The circumstances do not disclose anything remotely approaching neglect by Messrs. Richardson and Pollit of their client's interest. They appear to have stoutly defended him through three trials and during three appeals, two of which were successful. The decision to seek a second removal, without insistence upon removal to the Western Shore, was made only after considerable reflection and actual investigation which provided a sound basis for their judgment that Talbot or Kent would provide a favorable atmosphere for the third trial, a fair jury and fair judges.
The most significant thing in the case, however, is the fact that Richardson's judgment appears to have been entirely vindicated. At least, there is no suggestion that the trial at Easton in Talbot County was not completely fair and free of all influence of any prejudice against the defendant personally or against the race of which he is a member. There were a number of Negroes on the jury panel, and the Court's liberalism in excusing all jurors who gave unsatisfactory answers to any of Richardson's questions left the jury which actually sat as completely free of any charge of prejudice or bias as any jury might be.
Indeed, if any fault might be found with Mr. Richardson's judgment on the petition for removal of the case from Dorchester County, it would avail nothing here if Brown, in fact, obtained a trial which was completely fair and free of prejudice. Having obtained the fair trial to which he was entitled, no question of constitutional dimension arises out of a suggestion that Mr. Richardson might have had more assurance that a fair trial would result if the transfer had been to some court on the Western Shore.
A review of all of these proceedings and a reading of the five opinions of Maryland's Court of Appeals reveal an assiduous protection of Brown's legal rights. The third trial has withstood the close scrutiny born of such assiduous concern, both in the Maryland Courts and in the District Court. Here, since there is no basis for a claim of unfairness in the third trial, we find no constitutional ground for federal interference with the state court's judgment.
Among other things, Brown now says that he was given insufficient time to obtain counsel of his own choosing before Messrs. Richardson and Pollit were appointed to represent him. The contention, as a constitutional objection, is frivolous. The Courts are under pressure to appoint counsel at a very early stage in the proceedings when the absence of advice by counsel might be fatal to the adequate protection of the constitutional rights of the accused. The appointment of counsel willing to serve, however, did not prevent the accused from obtaining some other attorney of his own choice, and there was ample time after the appointment of Messrs. Richardson and Pollit before the trial of the case for Brown to have obtained counsel of his own choice had he wished and been able to do so. He had communicated with two or more attorneys, whom he knew personally or by reputation, but they were unwilling to represent him, and Brown appears to have made no further effort in that direction after Messrs. Richardson and Pollit became actively engaged in the case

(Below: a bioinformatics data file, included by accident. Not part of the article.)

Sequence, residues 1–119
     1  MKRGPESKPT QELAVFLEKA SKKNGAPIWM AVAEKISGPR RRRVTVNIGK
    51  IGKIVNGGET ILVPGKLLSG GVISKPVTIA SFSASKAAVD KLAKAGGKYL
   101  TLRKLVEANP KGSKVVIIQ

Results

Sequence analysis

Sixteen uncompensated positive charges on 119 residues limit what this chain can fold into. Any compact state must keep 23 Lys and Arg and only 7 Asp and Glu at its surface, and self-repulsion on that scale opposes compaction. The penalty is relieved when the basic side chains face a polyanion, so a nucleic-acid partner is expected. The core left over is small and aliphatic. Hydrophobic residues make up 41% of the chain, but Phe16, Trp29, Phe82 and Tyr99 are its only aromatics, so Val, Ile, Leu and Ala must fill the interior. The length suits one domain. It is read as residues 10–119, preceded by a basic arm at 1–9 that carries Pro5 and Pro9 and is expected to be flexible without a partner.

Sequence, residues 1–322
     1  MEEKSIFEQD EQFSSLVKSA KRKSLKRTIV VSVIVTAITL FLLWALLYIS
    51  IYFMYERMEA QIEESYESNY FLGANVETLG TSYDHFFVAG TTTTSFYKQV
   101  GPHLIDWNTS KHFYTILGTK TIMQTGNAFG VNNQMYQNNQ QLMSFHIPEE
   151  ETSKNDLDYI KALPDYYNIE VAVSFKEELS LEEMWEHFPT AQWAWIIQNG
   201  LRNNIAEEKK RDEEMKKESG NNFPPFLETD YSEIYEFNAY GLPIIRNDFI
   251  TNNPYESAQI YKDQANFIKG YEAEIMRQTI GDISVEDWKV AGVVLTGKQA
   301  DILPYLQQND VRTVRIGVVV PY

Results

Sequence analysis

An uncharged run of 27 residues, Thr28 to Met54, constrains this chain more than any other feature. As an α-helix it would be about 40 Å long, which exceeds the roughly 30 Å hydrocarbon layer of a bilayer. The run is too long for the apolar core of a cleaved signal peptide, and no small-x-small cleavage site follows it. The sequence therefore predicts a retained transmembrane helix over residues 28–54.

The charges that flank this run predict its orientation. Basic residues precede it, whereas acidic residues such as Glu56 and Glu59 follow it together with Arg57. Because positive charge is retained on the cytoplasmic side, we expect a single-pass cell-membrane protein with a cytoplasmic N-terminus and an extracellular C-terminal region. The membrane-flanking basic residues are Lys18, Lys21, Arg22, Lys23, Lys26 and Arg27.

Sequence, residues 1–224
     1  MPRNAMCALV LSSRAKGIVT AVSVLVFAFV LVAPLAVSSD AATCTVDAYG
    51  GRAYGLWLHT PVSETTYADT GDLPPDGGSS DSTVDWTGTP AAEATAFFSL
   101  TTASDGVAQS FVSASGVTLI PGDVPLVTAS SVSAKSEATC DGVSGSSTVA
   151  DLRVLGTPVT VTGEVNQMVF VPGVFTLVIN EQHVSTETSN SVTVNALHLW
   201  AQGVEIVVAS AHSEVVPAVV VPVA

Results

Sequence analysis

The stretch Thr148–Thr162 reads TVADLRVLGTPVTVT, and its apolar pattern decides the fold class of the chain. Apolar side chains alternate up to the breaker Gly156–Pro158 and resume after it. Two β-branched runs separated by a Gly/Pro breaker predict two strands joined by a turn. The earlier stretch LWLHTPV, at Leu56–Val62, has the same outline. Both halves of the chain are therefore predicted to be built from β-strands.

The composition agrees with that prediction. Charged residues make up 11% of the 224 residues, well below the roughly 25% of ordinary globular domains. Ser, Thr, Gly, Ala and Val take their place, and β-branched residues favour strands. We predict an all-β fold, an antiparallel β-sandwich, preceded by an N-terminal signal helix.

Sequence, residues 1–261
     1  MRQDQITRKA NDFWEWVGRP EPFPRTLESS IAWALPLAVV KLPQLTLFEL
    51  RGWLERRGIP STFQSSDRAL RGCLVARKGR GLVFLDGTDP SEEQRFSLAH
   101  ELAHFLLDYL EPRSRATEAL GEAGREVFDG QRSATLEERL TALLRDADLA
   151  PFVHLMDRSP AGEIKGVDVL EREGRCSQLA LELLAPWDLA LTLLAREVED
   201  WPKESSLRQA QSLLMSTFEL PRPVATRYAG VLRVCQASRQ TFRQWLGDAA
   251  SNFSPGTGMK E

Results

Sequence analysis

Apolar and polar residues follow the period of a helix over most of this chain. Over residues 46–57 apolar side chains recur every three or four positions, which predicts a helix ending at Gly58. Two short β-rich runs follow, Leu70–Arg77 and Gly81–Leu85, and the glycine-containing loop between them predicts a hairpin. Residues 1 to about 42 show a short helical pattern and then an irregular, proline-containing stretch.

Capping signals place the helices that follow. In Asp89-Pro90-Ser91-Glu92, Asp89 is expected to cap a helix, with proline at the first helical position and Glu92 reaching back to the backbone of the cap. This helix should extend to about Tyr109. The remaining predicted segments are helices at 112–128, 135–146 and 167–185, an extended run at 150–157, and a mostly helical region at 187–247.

Brown v. State, 220 Md. 29, 150 A.2d 895
Brown v. State, 222 Md. 290, 159 A.2d 844
Brown v. State, 225 Md. 349, 170 A.2d 300, 85 A.L.R.2d 1107
This contention Brown repeats in his habeas corpus proceeding. We think it sufficiently answered by the opinion of the Maryland Court of Appeals
Brown v. Warden, Maryland Penitentiary, 228 Md. 654, 179 A.2d 419
Brown v. Warden of Maryland Penitentiary, 230 Md. 629, 186 A.2d 595
Brown v. Pepersack, D.C.Md., 217 F.Supp. 547
The First Judicial Circuit comprises the four southernmost counties on the Eastern Shore and includes both Wicomico and Dorchester Counties. The five northernmost counties on the Eastern Shore comprise the Second Judicial Circuit, Talbot being one of them
It appears that the three Judges of the Second Circuit excused each juror whose answers to Mr. Richardson's questions on voir dire were unsatisfactory to him